NATO is expelling seven diplomats from the Russian mission to the Alliance over the Skripal poisoning in UK, NATO Secretary-General Jens Stoltenberg said on Tuesday, adding that he is denying accreditation to three other Russian diplomats.
"I have today withdrawn the accreditation of seven staff at the Russian mission to NATO. I will also deny the pending accreditation request for three others," he said, according to an UNIAN correspondent in Brussels.
"And the North Atlantic Council has reduced the maximum size of the Russian mission to NATO by 10 people in line with my decision. This will bring the maximum size down to 20," Stoltenberg reported.
"It sends a very clear message" to Russia that the nerve agent attack in the territory of a NATO Ally "has costs and consequences”, Stoltenberg said.
He added that the measures do not constitute "a change" of NATO policy.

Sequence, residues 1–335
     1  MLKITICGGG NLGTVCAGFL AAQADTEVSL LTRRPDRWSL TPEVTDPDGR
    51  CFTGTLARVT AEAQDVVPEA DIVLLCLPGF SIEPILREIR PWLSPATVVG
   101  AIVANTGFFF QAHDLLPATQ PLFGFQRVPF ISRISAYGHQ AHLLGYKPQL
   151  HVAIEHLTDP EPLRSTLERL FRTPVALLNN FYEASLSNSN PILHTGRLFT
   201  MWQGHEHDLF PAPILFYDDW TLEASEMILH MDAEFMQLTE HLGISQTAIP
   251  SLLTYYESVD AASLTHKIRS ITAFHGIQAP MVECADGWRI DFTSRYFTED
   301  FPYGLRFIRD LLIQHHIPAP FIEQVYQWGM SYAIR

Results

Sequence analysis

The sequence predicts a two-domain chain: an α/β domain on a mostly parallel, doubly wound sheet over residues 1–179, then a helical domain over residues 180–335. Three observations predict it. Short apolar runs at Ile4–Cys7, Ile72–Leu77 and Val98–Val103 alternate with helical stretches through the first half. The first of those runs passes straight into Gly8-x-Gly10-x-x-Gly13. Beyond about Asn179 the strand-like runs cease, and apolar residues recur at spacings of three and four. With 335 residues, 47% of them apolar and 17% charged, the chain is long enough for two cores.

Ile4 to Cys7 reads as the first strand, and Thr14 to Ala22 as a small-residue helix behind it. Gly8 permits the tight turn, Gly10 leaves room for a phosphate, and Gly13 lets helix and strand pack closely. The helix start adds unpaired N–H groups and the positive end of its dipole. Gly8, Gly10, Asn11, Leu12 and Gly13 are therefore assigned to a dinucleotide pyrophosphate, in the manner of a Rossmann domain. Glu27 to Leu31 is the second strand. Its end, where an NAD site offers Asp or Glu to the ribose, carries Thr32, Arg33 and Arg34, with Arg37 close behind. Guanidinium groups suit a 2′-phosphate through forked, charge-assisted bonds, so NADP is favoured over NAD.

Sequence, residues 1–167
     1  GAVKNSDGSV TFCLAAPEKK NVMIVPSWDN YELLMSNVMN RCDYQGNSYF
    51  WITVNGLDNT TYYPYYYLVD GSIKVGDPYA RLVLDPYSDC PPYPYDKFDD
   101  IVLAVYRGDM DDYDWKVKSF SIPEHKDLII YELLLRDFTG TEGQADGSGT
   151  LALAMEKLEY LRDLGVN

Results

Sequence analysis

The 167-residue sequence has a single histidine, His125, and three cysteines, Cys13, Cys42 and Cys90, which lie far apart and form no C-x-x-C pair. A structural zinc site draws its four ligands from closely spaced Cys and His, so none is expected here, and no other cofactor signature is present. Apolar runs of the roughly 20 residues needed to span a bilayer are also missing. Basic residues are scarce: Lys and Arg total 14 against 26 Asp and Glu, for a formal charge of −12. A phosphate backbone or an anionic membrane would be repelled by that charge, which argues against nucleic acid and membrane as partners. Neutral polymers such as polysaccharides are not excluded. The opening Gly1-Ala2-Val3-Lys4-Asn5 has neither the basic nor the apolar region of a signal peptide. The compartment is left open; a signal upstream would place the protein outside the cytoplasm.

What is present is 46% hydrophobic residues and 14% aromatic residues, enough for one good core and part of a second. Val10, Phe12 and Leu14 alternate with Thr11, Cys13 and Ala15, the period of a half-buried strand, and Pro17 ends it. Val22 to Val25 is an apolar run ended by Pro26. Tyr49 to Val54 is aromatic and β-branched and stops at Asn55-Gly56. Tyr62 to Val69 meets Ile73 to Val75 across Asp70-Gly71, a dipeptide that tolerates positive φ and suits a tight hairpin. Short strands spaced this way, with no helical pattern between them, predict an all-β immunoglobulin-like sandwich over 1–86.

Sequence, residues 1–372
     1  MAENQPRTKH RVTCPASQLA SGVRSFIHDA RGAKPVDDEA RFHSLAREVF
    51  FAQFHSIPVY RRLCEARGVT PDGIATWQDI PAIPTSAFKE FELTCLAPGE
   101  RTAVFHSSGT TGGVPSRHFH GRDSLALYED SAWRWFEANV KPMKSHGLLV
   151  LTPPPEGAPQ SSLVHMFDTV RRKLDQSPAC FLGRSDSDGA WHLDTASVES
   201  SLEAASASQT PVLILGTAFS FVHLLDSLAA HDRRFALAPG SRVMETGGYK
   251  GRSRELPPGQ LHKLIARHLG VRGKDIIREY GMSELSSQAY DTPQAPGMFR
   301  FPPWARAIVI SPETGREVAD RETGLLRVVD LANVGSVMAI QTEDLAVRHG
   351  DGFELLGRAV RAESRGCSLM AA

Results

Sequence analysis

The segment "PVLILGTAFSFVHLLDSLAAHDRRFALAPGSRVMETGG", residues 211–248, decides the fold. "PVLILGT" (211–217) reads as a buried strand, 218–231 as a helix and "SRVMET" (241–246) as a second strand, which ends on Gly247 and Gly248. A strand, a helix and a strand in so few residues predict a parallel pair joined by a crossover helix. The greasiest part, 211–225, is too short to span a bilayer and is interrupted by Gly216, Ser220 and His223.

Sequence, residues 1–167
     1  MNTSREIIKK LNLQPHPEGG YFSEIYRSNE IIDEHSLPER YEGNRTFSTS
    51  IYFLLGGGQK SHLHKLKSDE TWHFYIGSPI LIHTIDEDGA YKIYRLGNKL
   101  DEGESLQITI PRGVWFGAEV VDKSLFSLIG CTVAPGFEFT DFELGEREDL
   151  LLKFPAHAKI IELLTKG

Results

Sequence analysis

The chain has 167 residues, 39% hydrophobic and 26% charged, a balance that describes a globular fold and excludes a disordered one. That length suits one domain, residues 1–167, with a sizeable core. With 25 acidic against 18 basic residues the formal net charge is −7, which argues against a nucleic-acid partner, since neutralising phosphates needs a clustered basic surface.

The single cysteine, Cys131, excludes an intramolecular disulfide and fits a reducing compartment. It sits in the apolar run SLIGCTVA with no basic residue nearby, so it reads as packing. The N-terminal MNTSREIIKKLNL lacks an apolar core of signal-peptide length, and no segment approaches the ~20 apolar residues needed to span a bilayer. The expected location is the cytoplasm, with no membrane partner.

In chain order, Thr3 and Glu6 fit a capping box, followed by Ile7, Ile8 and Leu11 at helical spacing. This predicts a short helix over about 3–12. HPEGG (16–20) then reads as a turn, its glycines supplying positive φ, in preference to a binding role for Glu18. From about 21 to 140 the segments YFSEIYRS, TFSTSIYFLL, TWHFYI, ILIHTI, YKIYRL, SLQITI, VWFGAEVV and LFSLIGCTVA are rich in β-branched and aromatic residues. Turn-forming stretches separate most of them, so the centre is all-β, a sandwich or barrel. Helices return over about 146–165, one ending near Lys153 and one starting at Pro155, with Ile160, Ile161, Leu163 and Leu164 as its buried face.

"We will continue to work for a meaningful political dialogue with Russia," said Stoltenberg.
As UNIAN reported earlier, EU member states, the U.S., as well as Ukraine announced plans on Monday to expel more than 100 Russian diplomats in retaliation for the attack.
"The practical implication is of course that Russia will have a reduced capability to do intelligence work in NATO countries and in those countries they are expelled from," according to Stoltenberg.
Earlier, in protest at the Crimean annexation, NATO decided to curtail access to the headquarters for all Russian accredited NATO diplomats barring the Russian ambassador, the deputy head of mission and two support staff.
Since Crimea, NATO has also suspended all practical military and civilian cooperation with Russia, although it maintains political dialogue and has tried to restart military channels of communication, mainly to discuss the crisis in Ukraine.